Many ambiguities continue to surround the term “right.” A century after the word entered the jargon of party politics, and forty-five years after the military defeat of fascism, there is still no comprehensive theory of the right. What exactly does it represent in a time of “soft” politics and the end of “hard” ideologies? Does it make much sense to talk about the right-left dichotomy in a society that is weary of politics and impatient with beliefs in “historical necessity”? The more one tries to narrow the idea of the “right,” the more we are at a loss to find a suitable and overarching definition.

In the series of essays comprising The Nature of the Right, Roger Eatwell, J.S. McClelland, Arthur Aughey, Roger Woods, Michael Billig, and Nöel O’Sullivan have made a serious attempt to sort out the intellectual origins of the various rightist tendencies that have shaped European and American politics. As these writers remind us, “right” is a word that has been subject to different interpretations in different places and epochs. For instance, right-wing intellectuals of the French Third Republic, in the first half of the 20th century, are today a poor source of inspiration for the constitutionally minded and progress-loving rightists in America. By and large, on the European front, a variety of conservatives and right-wingers have pursued their agendas with greater intellectual rigor than have American conservatives. European conservatives, even in the Americanized Europe of the postwar era, find little echo among American conservatives, let alone neoconservatives.

I commend O’Sullivan and Eatwell for their careful treatment of issues and ideas that have preoccupied generations of conservative scholars and activists. They are justly dismissive of the stereotypical rightist intellectual watchdog of Daumier’s paunchy bankers, and equally so of the notion of him as a bloodsucking monster bent on the destruction of all that is good in the world. Instead, they and the other contributors provide a historical and chronological survey of rightist thought and thinkers, and of the historical context in which these have thrived.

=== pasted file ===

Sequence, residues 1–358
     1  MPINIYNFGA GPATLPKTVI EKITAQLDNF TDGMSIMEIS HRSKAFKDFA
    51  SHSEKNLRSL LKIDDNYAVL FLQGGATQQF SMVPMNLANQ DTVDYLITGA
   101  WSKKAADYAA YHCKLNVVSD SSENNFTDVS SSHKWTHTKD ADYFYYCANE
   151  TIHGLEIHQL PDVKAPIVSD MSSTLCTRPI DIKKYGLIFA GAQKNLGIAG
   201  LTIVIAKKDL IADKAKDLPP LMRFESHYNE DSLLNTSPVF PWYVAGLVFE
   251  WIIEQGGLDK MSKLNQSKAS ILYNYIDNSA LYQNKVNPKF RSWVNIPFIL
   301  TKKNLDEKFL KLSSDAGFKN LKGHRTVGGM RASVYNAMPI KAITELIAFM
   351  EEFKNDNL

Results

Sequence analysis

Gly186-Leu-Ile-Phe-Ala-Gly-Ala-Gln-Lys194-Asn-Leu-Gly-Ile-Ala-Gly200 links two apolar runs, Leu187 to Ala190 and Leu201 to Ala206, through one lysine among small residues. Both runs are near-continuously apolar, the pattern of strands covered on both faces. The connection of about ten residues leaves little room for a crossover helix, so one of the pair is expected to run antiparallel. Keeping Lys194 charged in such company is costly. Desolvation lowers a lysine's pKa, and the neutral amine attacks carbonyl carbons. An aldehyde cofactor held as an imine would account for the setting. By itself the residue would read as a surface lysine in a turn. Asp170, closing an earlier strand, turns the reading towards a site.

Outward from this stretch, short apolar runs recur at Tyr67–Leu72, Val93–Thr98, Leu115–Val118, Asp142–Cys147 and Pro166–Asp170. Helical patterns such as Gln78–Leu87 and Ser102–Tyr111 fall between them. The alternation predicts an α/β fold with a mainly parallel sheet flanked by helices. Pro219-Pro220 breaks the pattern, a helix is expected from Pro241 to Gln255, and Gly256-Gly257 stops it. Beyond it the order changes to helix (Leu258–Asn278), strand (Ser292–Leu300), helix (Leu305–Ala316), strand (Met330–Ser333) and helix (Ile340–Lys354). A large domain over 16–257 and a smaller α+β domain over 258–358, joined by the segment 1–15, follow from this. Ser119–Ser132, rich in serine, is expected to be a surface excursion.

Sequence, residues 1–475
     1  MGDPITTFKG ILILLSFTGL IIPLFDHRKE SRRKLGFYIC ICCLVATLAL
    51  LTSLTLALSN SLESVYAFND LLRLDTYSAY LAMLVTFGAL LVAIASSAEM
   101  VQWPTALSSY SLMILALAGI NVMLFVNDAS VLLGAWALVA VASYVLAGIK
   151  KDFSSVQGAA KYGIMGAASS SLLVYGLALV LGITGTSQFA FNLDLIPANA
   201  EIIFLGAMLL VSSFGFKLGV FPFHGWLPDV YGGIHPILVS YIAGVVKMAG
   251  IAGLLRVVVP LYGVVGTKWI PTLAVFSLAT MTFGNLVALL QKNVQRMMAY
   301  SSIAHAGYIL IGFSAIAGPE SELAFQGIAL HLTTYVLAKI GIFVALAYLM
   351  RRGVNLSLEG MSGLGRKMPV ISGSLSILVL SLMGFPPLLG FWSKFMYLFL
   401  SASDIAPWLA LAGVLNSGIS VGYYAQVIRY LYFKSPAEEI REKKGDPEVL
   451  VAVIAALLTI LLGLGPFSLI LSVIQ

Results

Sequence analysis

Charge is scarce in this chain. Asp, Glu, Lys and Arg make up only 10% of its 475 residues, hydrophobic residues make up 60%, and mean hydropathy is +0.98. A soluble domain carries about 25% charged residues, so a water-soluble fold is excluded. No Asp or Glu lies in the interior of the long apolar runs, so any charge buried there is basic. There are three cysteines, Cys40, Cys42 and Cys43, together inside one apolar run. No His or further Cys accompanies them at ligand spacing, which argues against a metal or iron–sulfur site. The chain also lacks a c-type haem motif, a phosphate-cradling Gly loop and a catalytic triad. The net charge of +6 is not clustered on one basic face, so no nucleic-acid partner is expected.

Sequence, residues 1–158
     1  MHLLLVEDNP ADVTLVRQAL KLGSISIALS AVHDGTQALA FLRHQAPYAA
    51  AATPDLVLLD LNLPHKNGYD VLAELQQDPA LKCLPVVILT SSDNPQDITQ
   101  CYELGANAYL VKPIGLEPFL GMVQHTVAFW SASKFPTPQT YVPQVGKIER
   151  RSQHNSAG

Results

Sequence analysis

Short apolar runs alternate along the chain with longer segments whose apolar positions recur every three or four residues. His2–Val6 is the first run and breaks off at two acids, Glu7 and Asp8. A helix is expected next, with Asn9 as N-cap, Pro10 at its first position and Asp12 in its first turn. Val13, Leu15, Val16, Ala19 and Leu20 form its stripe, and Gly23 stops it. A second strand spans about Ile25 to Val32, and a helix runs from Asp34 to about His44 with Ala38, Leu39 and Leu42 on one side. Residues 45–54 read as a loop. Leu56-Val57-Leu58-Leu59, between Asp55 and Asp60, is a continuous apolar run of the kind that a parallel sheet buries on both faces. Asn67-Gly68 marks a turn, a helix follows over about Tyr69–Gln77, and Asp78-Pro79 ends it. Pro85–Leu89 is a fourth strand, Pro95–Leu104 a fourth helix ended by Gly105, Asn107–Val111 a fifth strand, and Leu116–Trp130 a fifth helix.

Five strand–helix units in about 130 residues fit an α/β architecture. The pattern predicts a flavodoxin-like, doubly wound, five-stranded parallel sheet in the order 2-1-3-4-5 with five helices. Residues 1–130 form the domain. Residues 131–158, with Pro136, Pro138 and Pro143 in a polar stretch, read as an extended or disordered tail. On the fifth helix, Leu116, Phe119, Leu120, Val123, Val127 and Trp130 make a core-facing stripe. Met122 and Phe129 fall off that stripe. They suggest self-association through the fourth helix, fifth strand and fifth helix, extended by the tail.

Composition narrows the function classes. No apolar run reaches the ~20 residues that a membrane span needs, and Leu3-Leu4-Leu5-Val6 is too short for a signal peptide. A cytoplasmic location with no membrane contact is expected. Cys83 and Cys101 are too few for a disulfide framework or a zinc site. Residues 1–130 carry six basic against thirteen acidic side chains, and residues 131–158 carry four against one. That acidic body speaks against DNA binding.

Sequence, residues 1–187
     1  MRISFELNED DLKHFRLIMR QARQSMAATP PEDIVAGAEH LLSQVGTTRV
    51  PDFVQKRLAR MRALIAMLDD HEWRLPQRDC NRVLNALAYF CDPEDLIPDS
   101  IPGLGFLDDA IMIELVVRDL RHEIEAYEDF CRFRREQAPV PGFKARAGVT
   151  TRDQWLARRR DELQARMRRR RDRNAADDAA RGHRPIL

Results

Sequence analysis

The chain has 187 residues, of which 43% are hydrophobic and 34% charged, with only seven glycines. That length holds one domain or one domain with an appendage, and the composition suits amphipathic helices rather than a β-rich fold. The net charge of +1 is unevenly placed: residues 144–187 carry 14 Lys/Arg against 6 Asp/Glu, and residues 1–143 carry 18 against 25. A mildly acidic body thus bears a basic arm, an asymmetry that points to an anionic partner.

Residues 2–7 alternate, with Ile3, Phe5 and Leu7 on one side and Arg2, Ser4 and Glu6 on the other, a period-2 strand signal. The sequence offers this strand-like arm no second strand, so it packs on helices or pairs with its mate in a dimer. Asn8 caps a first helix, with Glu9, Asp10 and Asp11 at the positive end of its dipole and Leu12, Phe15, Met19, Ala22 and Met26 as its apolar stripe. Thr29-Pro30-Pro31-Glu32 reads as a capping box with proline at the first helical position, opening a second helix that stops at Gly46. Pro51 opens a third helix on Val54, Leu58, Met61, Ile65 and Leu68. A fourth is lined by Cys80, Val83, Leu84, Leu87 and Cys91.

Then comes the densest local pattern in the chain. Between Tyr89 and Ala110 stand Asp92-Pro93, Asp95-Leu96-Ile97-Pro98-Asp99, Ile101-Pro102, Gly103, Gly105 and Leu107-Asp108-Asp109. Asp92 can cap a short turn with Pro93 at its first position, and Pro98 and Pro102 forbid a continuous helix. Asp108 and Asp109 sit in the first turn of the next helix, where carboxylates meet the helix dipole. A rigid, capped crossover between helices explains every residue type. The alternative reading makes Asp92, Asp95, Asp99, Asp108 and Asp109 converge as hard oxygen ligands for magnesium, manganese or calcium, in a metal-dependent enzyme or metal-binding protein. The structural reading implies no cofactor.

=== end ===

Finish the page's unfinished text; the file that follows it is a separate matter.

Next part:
Eatwell et al., are clearly aware of the potential of the right at a time when the walls are coming down all over Europe and communism appears to be disappearing. The rightists in France, in Germany, and in England have acquired an impressive intellectual artillery, and it could be their ideas that are revived in the 21st century.

Roger Woods recalls that to have been a rightist revolutionary in Weimar Germany meant primarily to have been opposed to the Versailles diktat and to the creeping economic anomie that had swept across defeated Germany in the aftermath of the First World War; while Carl Schmitt—and also Martin Heidegger and Ernst Jlinger—were only several among a large number of conservative theorists whose reputations are well-maintained today by their young disciples in Europe. By contrast, writes J.S. McClelland, a man of the right in the French Third Republic was typically a reactionary imbued with the teaching of Charles Maurras, anti-Semitism, and an almost pathological hatred of Germans.

Nöel O’Sullivan devotes considerable space to GRECE, an erudite and freewheeling group of intellectuals better known as the French New Right. This New Right advocates a fusion of all rightist traditions, and tops itself with an unabashed call for the rejection of Judeo-Christian monotheism and its replacement by a resurrected European paganism. Undoubtedly, given its influence in the French and Italian academic establishments, the New Right may soon become an éminence grise behind the European body politic. The major figure of the New Right, Alain de Benoist, has openly stated that liberalism and vulgar commercialism are today a far greater threat than communism to the European community. Drawing on the work of Friedrich Nietzsche and Oswald Spengler, and also on that of Marxists such as Antonio Gramsci and Regis Debray, the French New Right is a unique conservative movement, light-years removed from the biblically minded and buck-loving “New Right” in America. Unlike the traditional European rightists, Benoist is trying to achieve a vision of Europe stretching from the Urals to the Iberian peninsula. For him, the looming danger is global democracy under the auspices of Wall Street and Mickey Mouse.

Although the contributors on occasion have trouble separating themselves from their biases. The Nature of the Right is nonetheless a useful vade mecum for those wanting an introduction to political ideas and sensibilities that have long been obscured by liberal and socialist trends; it is a pity, however, that the authors have not examined more closely the differences between Anglo-American and European conservatives. In spite of the merit of this small volume, a comprehensive book on the nature and meaning of the right remains to be written.


[The Nature of the Right, Edited by Roger Eatwell and Nöel O’Sullivan (Boston: Twayne Publishers) 193 pp., $15.95]